This is followed by their working of the recipe, labeled Traditional Recipe. They say whether the recipe is Easy, Moderately Difficult, or For the Experienced Cook; and they include number of servings, prep time, cooking time, and, if required, standing time or chilling time. They often make substitutions or even additions. Sometimes these are understandable, such as butter for sheep tail fat, not unreasonably, since I haven't found it in a supermarket, and haven't asked for in a halal market. They always substitute cornstarch for wheat starch, which is somewhat understandable, since wheat starch is not easily found in standard supermarkets and they wanted to make the recipes accessible to most people.


But sometimes these additions and substitutions do not make a lot of sense to me. For example, they frequently add spices, especially cinnamon, to recipes that do not call for any spices at all. Instead of making pomegranate syrup from scratch, which is not difficult or terribly time consuming, they substitute pomegranate "molasses", which still has to be cooked with sugar to a syrup stage. They replace mastic with mahleb, which as far as I can tell is no easier to find than mastic - I can get both - in the same halal market. They replace musk and camphor - the first almost impossible, the second difficult, to find - with rose or orange flower water, which to me is not a reasonable substitute. And they sometimes even include vanilla!


Then they feature a Modern Recipe, sometimes several, for a sweet made today in the Arabic speaking world or areas formerly in Dar al-Islam - such as Sicily, Spain, and Malta - that they deem similar to the Historical Recipe, although in some cases it seemed a bit of a stretch to me.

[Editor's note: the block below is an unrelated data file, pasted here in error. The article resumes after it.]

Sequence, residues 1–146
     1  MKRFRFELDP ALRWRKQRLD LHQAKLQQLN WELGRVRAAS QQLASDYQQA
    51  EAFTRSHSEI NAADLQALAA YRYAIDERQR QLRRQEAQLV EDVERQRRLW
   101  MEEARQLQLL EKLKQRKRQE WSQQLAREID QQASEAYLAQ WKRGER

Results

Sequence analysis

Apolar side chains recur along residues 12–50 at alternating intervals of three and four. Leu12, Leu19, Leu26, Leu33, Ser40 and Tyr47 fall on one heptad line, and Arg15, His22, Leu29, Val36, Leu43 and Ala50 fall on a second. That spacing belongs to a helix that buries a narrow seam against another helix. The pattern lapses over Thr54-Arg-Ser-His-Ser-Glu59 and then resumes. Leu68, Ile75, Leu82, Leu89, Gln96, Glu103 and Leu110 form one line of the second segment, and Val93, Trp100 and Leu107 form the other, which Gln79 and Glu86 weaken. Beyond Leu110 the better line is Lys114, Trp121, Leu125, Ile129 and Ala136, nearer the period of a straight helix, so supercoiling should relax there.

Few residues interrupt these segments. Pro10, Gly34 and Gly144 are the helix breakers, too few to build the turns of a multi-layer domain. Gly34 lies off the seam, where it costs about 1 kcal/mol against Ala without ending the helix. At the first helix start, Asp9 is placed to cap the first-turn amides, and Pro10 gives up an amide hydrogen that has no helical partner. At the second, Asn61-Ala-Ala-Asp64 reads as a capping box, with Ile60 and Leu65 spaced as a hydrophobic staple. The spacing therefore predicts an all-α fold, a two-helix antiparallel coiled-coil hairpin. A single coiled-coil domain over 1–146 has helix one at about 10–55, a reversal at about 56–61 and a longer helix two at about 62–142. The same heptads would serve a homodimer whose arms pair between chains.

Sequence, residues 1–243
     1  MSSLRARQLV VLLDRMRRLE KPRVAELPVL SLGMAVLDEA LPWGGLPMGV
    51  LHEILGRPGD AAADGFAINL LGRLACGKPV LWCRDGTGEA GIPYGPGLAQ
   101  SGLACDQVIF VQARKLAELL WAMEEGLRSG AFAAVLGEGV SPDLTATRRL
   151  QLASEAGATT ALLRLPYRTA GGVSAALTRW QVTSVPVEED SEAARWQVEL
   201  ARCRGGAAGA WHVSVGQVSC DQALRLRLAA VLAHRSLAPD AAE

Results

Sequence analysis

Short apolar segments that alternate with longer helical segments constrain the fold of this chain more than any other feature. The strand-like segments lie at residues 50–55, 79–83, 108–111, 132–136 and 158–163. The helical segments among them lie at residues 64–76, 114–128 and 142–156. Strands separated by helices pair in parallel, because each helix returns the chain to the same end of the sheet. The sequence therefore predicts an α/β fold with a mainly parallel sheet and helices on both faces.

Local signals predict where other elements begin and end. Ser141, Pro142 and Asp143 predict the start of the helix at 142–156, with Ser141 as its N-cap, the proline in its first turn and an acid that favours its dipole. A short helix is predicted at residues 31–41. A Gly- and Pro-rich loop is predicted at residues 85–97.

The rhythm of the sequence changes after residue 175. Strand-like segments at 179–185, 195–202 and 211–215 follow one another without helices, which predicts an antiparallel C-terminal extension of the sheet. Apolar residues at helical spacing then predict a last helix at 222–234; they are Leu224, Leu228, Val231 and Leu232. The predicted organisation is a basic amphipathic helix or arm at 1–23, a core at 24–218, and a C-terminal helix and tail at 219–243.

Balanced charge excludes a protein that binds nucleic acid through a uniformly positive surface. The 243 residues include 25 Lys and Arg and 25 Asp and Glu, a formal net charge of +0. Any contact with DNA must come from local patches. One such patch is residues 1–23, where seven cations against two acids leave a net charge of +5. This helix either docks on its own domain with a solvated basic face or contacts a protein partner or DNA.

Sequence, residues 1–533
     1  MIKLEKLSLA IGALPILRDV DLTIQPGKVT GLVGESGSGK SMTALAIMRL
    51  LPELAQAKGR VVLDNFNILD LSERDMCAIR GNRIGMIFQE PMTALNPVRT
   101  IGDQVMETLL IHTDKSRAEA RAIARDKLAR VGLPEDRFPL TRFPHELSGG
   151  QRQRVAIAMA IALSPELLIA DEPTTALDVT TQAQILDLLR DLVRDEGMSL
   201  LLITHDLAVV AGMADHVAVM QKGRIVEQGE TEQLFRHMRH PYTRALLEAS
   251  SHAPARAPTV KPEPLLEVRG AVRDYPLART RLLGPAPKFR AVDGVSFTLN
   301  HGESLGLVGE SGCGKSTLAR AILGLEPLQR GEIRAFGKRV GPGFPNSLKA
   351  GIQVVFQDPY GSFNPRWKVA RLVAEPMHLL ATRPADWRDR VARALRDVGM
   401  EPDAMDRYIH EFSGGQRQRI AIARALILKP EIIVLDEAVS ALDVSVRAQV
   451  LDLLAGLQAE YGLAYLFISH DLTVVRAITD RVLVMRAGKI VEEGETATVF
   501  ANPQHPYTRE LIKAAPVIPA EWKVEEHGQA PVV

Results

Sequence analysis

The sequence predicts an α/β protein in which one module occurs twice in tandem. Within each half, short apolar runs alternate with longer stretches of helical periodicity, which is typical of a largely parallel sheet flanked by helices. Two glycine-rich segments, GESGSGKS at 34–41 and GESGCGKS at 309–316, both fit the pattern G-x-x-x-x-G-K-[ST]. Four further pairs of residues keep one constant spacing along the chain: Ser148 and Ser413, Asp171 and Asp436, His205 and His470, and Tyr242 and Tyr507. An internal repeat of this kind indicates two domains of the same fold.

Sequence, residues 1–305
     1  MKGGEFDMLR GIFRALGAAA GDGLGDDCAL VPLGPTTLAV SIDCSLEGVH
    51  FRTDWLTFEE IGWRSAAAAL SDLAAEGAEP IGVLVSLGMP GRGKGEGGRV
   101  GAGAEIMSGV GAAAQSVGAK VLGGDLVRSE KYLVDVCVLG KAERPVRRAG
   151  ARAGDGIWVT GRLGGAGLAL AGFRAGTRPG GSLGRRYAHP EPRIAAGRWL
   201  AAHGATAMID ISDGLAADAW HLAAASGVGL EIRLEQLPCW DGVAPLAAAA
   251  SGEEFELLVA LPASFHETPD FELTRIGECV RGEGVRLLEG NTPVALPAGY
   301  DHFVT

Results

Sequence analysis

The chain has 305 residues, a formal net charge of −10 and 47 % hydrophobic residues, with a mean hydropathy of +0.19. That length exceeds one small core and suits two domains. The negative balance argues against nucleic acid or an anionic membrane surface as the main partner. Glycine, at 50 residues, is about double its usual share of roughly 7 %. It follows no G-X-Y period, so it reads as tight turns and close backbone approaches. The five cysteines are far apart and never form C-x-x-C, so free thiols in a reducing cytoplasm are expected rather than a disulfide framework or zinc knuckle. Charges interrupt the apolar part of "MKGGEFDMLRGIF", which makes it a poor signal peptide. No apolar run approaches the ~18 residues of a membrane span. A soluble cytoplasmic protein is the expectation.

There is also a section with photographs of the dishes as they made them, which is helpful, in case you're curious what they "should" look like, or to compare your version to theirs.


They have an extensive bibliography of primary texts in Arabic, as well as secondary sources in a number of languages, in print and on the internet. One "fault", as I see it, in this section is that they link to the PDF of the Anonymous Andalusian cookbook on italophiles.com, rather than to the original on Cariadoc's website; that PDF has been previously discussed on this list.


So in the end, I recommend this book to those who want to make SCA-period Near and Middle Eastern sweets. I haven't cooked from their recipes, so I cannot comment on the outcome. I prefer to work out my own recipes, but I find it useful to compare my initial versions with the versions of others. I do find their explanations helpful, since I don't make candy and rarely make pastries, so am not well versed in those techniques. I especially recommend it because it has recipes from 4 sources inaccesible to those of use who don't read Arabic.


Urtatim (that's oor-tah-TEEM)


<the end>